Pop Culture Princess

Pop Culture Princess
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Monday, June 17, 2013

A Man of Steel for all seasons

The big movie this weekend was the latest relaunch of Superman entitled Man of Steel, which raked in multi-millions(chump change to Lex Luthor,who wasn't even in this film) and garnered quite a few respectable reviews.

 It also had it's fair share of nay-sayers who found fault with the tone of the story,claiming it was either overblown in the last half or lacking in the true spirit of the comic book character.

In my opinion, the Superman that we get on either the small screen or the large is a reflection of what fills the pop culture need of the moment. Let's examine some of the depictions of this last son of Krypton that for better or worse,showcased the hero we were all hoping for at the time:

Superman(1978): This first major film version of the Superman story(which had more put into than the cheesy Saturday matinee movies of the 1950s) brought this character out of the shadow of the iconic fifties TV show and set it's flag on the moon of the movie landscape with both box office and,for the most part,critical love.

Being released during the tail end of the turbulent times of the seventies and just before the more corporate echo of the eighties could be heard did add significant weight to the film's reception. It was both tongue in cheek and highly optimistic in it's depiction of  the bumbling Clark Kent and the confidently suave Superman who managed to charm the cynical Lois Lane as he saved the day.

The follow-up film,Superman II,was considered to be even better and people were thrilled to believe that not only could a man fly, he could be the one constant in a crazy,ever changing world to look up to:

LOIS & CLARK(1993-97): Sadly, Superman wound up leaving the movie theaters by the 1990s,due to a series of insipid sequels that made the franchise box office Kyptonite.

So,our hero returned to television and was revived by a light hearted but surprisingly popular series,Lois & Clark. As the name suggests,the main focus of the show was the bond between Clark and Lois,whose work and personal relationships were becoming hard to separate as the real third man between them was Superman.

The bickering couple who's really in love but can't admit it for whatever reason was a strong trope on TV at this point,with shows such as Moonlighting and Remington Steele,so taking up this tact for a new Superman show fit the bill nicely. Lois & Clark had it's ups and downs,however the main benefit of the show was to keep Superman's foot in the pop culture door and it succeeded handily:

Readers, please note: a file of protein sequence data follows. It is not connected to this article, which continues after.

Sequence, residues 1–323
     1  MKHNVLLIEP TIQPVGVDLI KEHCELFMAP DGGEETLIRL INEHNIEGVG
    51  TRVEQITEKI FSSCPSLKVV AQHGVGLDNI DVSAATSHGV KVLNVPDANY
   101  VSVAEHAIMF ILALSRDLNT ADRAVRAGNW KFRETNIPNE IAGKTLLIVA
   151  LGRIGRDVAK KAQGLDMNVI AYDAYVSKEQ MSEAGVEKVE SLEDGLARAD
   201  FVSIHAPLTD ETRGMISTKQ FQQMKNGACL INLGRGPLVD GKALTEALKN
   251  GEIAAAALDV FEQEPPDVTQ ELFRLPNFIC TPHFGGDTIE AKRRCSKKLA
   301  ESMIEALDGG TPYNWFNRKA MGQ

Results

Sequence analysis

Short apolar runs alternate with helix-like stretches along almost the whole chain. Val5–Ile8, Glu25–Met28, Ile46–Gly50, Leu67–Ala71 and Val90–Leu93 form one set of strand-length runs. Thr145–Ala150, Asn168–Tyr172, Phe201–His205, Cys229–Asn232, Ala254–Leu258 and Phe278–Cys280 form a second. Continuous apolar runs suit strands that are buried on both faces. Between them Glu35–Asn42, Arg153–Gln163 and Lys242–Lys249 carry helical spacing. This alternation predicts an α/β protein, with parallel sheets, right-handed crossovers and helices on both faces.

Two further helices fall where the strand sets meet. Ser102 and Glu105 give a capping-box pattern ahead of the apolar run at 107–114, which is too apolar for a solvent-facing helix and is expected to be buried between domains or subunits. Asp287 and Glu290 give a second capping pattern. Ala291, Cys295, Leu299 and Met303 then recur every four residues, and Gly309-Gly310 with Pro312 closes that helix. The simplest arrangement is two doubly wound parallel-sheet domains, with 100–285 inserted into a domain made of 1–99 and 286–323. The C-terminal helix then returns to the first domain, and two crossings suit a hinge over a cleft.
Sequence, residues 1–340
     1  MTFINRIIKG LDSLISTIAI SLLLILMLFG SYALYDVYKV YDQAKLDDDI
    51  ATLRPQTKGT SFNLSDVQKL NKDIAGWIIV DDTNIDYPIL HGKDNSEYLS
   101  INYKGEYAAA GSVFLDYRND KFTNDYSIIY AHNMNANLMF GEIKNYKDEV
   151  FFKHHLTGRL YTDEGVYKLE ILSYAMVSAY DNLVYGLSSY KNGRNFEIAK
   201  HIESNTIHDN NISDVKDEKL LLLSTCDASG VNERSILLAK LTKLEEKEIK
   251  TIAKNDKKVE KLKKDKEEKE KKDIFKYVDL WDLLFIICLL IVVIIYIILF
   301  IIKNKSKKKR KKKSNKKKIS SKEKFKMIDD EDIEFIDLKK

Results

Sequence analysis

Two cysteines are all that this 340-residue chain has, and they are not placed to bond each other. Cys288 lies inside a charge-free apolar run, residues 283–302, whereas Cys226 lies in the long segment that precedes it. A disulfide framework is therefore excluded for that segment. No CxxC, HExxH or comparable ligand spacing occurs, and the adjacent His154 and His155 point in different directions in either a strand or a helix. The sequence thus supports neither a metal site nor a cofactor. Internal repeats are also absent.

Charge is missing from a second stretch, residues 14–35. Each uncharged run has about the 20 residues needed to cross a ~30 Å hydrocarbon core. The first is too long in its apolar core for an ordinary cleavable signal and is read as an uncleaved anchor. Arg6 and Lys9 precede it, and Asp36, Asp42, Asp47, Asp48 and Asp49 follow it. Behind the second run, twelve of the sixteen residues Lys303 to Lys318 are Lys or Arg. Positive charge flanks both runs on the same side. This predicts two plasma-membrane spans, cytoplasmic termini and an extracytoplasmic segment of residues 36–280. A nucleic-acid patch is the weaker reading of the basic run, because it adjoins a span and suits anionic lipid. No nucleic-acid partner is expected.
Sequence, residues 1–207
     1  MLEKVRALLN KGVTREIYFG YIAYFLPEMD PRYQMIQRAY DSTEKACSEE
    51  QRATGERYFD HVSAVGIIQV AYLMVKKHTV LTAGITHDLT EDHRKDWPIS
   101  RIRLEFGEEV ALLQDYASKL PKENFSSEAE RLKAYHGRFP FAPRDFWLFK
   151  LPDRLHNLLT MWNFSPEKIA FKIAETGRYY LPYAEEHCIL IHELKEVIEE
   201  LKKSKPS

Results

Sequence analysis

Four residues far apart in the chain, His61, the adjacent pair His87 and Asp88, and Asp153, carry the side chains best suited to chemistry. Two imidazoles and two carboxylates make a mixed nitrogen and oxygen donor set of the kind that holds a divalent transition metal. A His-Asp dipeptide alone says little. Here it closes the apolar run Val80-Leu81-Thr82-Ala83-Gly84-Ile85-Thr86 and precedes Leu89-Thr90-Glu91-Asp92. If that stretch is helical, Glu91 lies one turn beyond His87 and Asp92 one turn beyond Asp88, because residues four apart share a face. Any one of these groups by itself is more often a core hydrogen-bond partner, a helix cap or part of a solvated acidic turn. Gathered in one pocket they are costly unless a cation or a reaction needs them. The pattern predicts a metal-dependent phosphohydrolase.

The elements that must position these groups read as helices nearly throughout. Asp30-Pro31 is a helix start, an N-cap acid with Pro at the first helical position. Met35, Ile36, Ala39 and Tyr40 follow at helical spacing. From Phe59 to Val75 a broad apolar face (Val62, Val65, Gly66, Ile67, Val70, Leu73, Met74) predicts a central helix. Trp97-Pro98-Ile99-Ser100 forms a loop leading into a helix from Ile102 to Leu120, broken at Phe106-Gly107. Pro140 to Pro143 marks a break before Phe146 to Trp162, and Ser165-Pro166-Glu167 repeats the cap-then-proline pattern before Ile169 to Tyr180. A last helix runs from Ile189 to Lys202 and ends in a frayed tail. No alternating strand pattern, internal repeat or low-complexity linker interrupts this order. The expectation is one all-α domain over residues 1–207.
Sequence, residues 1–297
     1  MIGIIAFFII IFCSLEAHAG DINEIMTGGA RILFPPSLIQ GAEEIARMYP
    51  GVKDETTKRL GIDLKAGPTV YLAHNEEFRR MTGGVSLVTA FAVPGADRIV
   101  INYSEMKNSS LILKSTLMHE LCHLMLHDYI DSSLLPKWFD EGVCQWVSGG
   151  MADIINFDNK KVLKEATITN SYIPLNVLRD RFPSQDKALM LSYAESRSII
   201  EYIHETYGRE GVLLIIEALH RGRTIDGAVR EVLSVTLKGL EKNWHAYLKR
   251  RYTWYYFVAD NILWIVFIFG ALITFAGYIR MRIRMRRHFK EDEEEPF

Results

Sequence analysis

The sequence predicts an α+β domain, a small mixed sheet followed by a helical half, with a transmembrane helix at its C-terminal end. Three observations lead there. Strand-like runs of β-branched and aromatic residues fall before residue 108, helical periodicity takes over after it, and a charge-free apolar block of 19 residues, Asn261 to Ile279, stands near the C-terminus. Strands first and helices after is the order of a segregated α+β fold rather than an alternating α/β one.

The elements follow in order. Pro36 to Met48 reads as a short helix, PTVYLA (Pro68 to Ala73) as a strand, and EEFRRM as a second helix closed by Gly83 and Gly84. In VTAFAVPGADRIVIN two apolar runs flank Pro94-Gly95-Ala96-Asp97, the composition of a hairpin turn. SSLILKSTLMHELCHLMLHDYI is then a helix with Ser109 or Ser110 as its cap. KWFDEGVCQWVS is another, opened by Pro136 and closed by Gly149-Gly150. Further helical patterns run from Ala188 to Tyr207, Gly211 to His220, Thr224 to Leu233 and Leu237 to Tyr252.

SMALLVILLE(2001-11):This series took a few steps back yet went forward with the Superman legend as the shift of attention went to the early "Superboy" years(not to be confused with the weak attempt at a Superboy show in the late nineties) and Clark Kent was once again front and center as the true core of the character.

 A deeper edge and angst was given to Clark regarding his origins and use of powers,which some referred to as the "Marvelization" of Superman but no matter where the source of his character development came from, it did make Clark a more down to earth hero that both teens and adults could relate to. Not to mention that traditional heroes able to appreciate the irony of their situations(Buffy the Vampire Slayer,for example) while maintaining a trace of innocence were fast becoming the pop culture norm.

 Despite the increasing mix of over the top villains and complicated story lines,along with soap opera antics between Clark and his various love interests(Lana Lang,Chloe Sullivan and by the end, Lois Lane),the show did last for a solid ten seasons and brought in a new legion of fans who felt the need for renewal after the shocking events that started the new millennium. Some even said that Smallville could have become a new bridge to the silver screen for Superman but the studios preferred to go their own way in that regard:

SUPERMAN RETURNS(2006): Hollywood tried to bring back the spirit of the Richard Donner Superman films with this reboot/sequel/homage from X-Men director Bryan Singer but the uneven tone of the entire movie failed to find a toehold with audiences.

In some ways, it was as awkward as many felt during this time period,caught between wanting some of the safety and comfort of the past yet not willing to embrace that idealism in a  wholeheartedly naive fashion.

The film did it's best to recapture the magic that the original films once had yet for many reasons, it wound up dropping the ball both at the box office and with old fans and new. Fortunately,Hollywood didn't completely abandon any future Superman movies and maybe this clumsy attempt was a good way to break the ice:

So, our fresh new Superman is upon us and perhaps it will pave the way for more good superhero flicks based on DC characters to come. While Marvel has been a little hit and miss lately, their points are still higher in this game and now that the Batman trilogy is done,it would be nice to see more of the Justice League up to bat. While the future of Superman films is as uncertain as our own, perhaps both of them will benefit from continued interest in keeping truth,justice and peace for all mankind as part of our lives:

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